What is graph AI?

By Paddy Smith
Is the next chapter in the AI story graph AI? What’s the difference between machine learning and graph AI? Read on to find out...

AI isn’t a new phenomenon. It’s just become more useful with the advent of machine learning, or deep learning, and with the increased focus of businesses on collecting and mining data. But ML has limitations too, and those are what graph-based AI – or graph AI – promises to help with.

Confused about AI, ML, graph?

AI is about knowledge. Early AI had strict parameters and was used in highly specific ways. As you can imagine, that was costly to implement and relatively narrow in its scope. Then came machine learning – also known as deep learning – which uses statistical modelling to recognise similarities and anomalies in data, the latter being particularly useful for applications such as predictive maintenance. ML is great at pattern spotting. It can ‘learn’ what things should ‘look’ like and report when they do, or don’t. That means ML can be used to identify images, speech patterns and so on. Graph AI goes beyond that.

What are the limitations of machine learning vs graph AI?

Machine learning has taken quite a bit of flak for being biased, a problem caused by imbalance sets of training data, or simply poor quality training data. That is relatively easily fixed by employing more rigorous standards to the data fed into the ML at the training stage. A larger problem is that ML has a tendency to ignore contextual information, because it works best when its data are regarded in isolation. That means ML can miss things that would be staggeringly obvious to a human. More worryingly, it means the algorithms can be gamed by bad actors engaging in corporate sabotage or cybercrime.

What is graph AI?

Graph AI isn’t reinventing the AI wheel, but it is tuning the engine and fitting alloys. By pivoting to graph modelling, the AI can look across a number of different datasets to infer context and probe relational correspondence. That means when things change in one dataset, the AI doesn’t ring the alarm bell until it’s looked at corresponding anomalies in other relevant datasets to establish if, in fact, the problem is not isolated.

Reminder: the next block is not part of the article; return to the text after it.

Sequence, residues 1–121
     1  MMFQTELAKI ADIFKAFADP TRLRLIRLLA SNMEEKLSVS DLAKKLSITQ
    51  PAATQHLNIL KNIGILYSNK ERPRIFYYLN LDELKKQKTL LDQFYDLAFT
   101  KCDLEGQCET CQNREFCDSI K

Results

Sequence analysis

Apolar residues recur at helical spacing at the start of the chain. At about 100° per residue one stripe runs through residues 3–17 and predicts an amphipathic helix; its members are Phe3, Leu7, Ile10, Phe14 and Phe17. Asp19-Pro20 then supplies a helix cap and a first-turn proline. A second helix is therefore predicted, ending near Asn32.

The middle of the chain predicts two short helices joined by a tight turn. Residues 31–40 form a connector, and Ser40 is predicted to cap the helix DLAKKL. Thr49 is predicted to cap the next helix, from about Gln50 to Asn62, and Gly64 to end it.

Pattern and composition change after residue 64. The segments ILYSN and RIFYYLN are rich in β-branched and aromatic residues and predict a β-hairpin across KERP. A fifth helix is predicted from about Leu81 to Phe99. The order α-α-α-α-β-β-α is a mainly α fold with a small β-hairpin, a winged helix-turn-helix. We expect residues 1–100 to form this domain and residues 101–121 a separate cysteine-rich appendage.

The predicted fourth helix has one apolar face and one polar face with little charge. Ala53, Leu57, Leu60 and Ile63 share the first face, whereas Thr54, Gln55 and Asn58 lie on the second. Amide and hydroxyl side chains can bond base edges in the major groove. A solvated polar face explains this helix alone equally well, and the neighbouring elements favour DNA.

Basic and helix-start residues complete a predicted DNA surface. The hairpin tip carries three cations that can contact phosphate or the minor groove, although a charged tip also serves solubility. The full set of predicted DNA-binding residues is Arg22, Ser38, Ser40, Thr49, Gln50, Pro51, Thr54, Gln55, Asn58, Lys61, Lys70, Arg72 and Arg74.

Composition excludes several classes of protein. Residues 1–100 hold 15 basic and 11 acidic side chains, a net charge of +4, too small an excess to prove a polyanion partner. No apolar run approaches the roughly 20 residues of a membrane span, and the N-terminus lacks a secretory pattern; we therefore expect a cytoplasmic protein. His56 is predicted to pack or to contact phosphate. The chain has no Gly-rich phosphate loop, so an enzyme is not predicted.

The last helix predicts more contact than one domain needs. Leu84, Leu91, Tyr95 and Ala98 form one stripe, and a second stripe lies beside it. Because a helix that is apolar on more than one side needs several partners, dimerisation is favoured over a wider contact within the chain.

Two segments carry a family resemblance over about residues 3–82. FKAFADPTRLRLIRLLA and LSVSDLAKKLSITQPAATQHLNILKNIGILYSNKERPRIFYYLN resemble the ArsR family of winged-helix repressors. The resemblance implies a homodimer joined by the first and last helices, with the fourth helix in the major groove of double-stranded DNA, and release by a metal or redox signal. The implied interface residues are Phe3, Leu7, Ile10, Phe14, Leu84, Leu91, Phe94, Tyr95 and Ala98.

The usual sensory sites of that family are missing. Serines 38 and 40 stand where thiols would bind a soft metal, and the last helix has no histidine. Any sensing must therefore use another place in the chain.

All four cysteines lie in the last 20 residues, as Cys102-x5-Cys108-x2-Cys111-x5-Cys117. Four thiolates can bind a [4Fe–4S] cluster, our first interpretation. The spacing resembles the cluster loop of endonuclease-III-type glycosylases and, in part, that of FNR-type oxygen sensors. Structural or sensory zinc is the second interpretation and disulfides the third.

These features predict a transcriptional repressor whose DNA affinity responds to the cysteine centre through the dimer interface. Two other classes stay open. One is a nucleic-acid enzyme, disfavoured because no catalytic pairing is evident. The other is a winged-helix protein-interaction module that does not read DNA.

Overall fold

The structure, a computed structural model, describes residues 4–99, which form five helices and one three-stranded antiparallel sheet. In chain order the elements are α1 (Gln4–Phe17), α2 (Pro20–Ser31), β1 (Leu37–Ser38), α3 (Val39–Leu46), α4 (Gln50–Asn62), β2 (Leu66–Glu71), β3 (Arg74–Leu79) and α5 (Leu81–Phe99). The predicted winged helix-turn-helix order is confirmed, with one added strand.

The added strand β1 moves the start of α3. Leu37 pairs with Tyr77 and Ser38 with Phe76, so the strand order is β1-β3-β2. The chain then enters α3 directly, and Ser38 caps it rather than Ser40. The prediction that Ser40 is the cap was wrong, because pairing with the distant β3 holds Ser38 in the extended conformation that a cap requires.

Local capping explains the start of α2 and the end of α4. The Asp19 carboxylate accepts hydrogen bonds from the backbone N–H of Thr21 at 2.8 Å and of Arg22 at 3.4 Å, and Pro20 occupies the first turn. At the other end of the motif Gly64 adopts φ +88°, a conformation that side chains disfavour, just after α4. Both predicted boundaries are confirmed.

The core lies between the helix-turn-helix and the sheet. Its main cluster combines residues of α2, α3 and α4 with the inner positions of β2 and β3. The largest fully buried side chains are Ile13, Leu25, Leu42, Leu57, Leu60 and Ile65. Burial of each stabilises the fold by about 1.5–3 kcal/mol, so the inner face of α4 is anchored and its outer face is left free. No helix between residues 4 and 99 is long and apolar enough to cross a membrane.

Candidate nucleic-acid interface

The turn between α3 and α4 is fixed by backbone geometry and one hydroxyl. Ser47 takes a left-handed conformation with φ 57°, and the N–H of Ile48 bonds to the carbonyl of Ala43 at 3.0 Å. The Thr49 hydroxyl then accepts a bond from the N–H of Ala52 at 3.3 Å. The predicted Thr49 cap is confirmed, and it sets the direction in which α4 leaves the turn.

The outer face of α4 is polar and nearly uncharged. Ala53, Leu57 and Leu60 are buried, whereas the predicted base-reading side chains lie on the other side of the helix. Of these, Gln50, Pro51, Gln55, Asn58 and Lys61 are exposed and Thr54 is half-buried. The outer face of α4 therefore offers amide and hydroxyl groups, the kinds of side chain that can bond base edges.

Where does graph AI get its data?

Anywhere, depending on the application. It could be meteorological data, or transactional data relating to specific customers. It could be social networks which can be mined for social insight. It could be traffic movement, content, scientific data or IoT. It could be all of these things combined and correlated to produce contextual graph-based AI that is aware of more than life inside its own training data ‘bubble’.

What can graph AI be used for?

In a word, everything. Graph neural networks are set to become a big trend in enterprise IT. The computational power required is awesome but the timely advent of edge/cloud means that is no longer a case of upgrading expensive hardware. And products capable of handling graph-based data analytics such as Microsoft Azure’s Cosmos DB and AWS’s Neptune are already on the market. Advances in network architecture twinned with a surge in the move to cloud is sure to accelerate adoption of this powerful new breed of AI.


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